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Stalybridge Town Centre



Services in Stalybridge




Get to know who your councillors are in your area.



Have a look at our libraries locations and opening times.

Schools in Stalybridge

Schools in Stalybridge

Find out about our local schools.

Listed Buildings

Listed Buildings

Take a look at the listed buildings around Tameside.

Tameside Image Archive

Tameside Image Archive

Take a look at the historical images of Tameside we have available.

Huddersfield Narrow Canal Restoration

Huddersfield Narrow Canal Restoration

Find out more about the restoration of the Huddersfield narrow canal.

Coat of Arms

Stalybridge Coat of ArmsArgent, a chevron engrailed gules between two crosses pointed voided in chief sable and a mullet in base also sable and pierced of the field, with two flanches azure each charged with a cinquefoil of the field. Crest: On a wreath of the colours, A garb Or, in front thereof a wolf statant argent. Motto: Absque labore nihil. Granted: 18 June 1857.

The shield comprise the arms of the town's previous landowners, the Stayleys, the Asshetons, and the allied Dukinfields and Astleys, together with the golden wheatsheaf of Cheshire and the silver wolf of Chester. The motto proclaims the philosophy of the modern industrial town 'Nothing without Labour.

History of Stalybridge

Early History

a photograph of Bohemia Cottages, Stalybridge The name Stalybridge derives from 'Staef' - a stave - and 'leah' - a clearing in the wood, the full meaning of 'Staley' being 'a wood where staves are collected'. The 'bridge' was added in the early 19th century. Prior to 1750, the population of Stalybridge was sparse. Between 1700-1750 the villagers numbered no more than 140 at any one time, earning a living in a dual capacity as farmers and weavers. They lived in cottages such as those still existing at 'Bohemia', constructed in 1721. Some of them would have had loom-house attached where as many as six to eight spinners worked to supply one weaver.

By 1750 there were already a few, small woollen mills in Stalybridge, based along the river to take advantage of the ready supply of water-power. The first cotton mill was erected by Edward Hall, whose mill in Wood Street was also the first to acquire a steam engine, in 1796, together with a chimney to carry away the smoke, which earned it the nickname of the 'Soot-Poke Mill'. These chimneys soon became a dominant feature of the landscape as Hall was followed by other cotton pioneers such as John Cheetham (1802 - 1886) the great cotton master and reformer, and Abel Harrison (1793 - 1865) who bought the Staley Mills, and built Highfield House, whose grounds make up the present Stamford Park.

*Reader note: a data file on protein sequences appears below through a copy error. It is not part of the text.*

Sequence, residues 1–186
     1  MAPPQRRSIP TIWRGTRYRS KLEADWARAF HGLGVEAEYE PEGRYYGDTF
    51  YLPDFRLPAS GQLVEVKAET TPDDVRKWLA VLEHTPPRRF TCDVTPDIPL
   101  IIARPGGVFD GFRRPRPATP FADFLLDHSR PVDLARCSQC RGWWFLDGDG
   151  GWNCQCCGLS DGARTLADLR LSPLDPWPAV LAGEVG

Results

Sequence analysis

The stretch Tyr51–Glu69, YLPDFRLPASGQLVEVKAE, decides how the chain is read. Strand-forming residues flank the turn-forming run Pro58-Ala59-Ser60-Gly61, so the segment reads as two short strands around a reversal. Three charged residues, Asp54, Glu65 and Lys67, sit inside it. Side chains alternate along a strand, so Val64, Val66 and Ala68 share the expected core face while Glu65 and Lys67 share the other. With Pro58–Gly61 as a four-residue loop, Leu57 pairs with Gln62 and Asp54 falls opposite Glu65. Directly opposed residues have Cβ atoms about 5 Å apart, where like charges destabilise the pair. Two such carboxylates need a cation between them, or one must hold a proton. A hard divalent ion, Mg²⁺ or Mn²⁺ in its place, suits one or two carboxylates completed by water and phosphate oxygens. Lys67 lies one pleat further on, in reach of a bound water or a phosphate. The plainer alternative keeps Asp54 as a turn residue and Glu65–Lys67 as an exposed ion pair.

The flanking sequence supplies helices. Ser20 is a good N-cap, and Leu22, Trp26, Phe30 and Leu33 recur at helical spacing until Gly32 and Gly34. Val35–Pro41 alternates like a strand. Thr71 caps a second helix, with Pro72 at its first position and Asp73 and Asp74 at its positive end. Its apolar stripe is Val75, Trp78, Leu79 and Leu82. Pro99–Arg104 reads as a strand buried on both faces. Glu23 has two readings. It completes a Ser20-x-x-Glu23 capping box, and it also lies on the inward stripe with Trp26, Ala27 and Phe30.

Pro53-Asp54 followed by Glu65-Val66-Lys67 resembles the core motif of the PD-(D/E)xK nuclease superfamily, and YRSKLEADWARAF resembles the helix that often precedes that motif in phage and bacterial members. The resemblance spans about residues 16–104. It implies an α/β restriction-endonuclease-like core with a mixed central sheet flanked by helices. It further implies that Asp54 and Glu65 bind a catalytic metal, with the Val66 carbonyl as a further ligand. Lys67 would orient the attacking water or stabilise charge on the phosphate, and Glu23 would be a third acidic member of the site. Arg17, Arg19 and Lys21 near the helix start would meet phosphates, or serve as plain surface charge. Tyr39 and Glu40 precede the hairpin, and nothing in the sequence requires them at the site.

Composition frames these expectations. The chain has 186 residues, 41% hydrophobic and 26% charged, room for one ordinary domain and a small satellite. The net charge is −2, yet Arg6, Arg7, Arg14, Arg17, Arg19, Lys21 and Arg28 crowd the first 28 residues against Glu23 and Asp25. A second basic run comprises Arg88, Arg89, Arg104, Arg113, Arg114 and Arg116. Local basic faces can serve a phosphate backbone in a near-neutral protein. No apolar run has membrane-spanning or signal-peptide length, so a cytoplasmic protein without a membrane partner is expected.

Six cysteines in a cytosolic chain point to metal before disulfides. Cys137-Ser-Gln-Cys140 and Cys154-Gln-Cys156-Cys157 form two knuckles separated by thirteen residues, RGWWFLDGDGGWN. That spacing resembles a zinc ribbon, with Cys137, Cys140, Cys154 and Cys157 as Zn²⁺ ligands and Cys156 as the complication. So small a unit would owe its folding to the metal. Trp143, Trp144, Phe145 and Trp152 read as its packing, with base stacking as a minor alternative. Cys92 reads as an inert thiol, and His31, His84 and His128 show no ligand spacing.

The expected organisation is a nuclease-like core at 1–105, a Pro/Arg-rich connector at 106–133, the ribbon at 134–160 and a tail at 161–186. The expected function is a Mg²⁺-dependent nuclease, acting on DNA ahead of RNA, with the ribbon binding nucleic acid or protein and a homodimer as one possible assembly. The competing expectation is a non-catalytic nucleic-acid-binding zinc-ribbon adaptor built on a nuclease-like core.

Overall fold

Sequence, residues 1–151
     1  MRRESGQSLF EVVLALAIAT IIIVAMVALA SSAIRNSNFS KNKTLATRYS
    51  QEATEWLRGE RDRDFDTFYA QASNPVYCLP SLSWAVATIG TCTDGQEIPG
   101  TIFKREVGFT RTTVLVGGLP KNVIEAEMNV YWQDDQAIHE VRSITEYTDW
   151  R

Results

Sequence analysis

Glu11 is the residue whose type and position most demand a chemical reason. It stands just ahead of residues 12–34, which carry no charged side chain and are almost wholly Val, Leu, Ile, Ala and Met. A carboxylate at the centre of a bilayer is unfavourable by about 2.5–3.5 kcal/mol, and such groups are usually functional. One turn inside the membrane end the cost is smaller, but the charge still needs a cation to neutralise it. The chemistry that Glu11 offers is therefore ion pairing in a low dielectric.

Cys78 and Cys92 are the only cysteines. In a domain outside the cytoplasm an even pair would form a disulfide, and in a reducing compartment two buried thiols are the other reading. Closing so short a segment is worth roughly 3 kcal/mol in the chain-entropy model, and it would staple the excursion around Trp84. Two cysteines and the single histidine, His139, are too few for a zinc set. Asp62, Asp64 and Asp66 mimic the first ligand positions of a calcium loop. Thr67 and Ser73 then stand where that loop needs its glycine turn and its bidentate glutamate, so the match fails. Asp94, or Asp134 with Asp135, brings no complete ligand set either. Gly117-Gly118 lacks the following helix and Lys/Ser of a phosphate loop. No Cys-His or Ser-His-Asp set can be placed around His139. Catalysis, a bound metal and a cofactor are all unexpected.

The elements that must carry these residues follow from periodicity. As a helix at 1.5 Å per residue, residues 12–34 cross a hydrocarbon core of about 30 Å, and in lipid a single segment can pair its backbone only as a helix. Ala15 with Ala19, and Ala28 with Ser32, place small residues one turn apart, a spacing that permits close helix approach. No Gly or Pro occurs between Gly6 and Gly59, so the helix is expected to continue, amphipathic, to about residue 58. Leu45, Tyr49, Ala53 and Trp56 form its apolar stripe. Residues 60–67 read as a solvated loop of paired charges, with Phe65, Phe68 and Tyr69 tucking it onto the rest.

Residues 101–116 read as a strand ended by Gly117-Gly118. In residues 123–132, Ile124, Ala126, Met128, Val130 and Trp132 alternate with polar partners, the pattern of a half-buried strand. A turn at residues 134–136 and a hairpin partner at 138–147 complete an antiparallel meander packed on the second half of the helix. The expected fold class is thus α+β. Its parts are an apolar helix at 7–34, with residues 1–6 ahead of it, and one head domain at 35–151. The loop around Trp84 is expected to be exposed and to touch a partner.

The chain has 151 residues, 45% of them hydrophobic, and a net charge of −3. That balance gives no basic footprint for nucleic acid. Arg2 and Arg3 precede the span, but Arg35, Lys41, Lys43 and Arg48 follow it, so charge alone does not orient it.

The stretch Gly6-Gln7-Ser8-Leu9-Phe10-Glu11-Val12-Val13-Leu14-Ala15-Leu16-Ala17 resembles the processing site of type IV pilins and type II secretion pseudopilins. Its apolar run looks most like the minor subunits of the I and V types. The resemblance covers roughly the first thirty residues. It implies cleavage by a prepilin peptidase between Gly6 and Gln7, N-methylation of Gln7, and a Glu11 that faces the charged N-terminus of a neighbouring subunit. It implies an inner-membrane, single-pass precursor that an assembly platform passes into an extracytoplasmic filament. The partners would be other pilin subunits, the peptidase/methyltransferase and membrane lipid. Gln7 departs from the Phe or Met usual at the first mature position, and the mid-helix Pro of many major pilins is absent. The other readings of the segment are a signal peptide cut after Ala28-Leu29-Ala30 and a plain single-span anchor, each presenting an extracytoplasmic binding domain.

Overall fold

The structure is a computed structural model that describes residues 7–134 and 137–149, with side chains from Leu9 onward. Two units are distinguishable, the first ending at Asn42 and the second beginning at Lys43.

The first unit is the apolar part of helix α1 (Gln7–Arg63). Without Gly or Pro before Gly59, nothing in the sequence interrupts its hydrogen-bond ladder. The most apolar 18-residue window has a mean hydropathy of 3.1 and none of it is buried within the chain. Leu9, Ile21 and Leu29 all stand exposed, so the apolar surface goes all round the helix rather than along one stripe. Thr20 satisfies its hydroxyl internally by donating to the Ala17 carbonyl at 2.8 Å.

The impact of industrialisation led to a rapid increase in the town's population which rose in the years 1823-1825 from 5,500 to 9,000 and, by 1851, had reached an immense 20,760. In 1828, the Stalybridge Police and Market Act made Stalybridge an independent town, with a board of commissioners; the Stalybridge Gas Company was formed and given the contract for lighting the town, and three years later, the Town Hall and Market were officially opened on December 30, 1831. The town was made a borough on March 5, 1857.

Social Unrest

an illustration of William ChadwickWilliam Chadwick, in his 'Reminiscences of a Chief Constable' declared: "The people of Stalybridge have immortalised themselves in the way of strikes, or turnouts."

As early as 1817, an association later known as the 'Blanketeers' arose with the aim of marching to London to lay the grievances of the people before the government. It was a Stalybridge band which was engaged to play at Peterloo in 1819 and the Chartist sympathiser JR Stephens found a great many supporters in the town for his liberal ideas. There were riots in the town in 1842 when attempts were made by the mill-owners to reduce their operatives' wages to combat a slight depression in the trade.

These riots had to be dealt with by volunteers but, by the 1830s, Stalybridge had two full-time policemen and a number of special constables, known as 'Old Charlies'. In 1857 Stalybridge acquired a Borough Police Force of which William Chadwick became Chief Constable in February 1862. Born at Mottram on July 24, 1822, Chadwick had joined the London police force at the age of 29 and was later stationed at Dukinfield. He was promoted to Inspector at Ashton-under-Lyne and held the record for conviction of criminals there when he left for Stalybridge where he was to be Chief Constable for 37 years. During this time there were again serious riots in the town; in 1863 when unemployment caused by the cotton famine was rife and the Relief Committee attempted to supply the destitute with vouchers instead of money, and again in 1868 when the anti-catholic 'Murphy Riots' broke out. The police were aided by the military in subduing these outbreaks.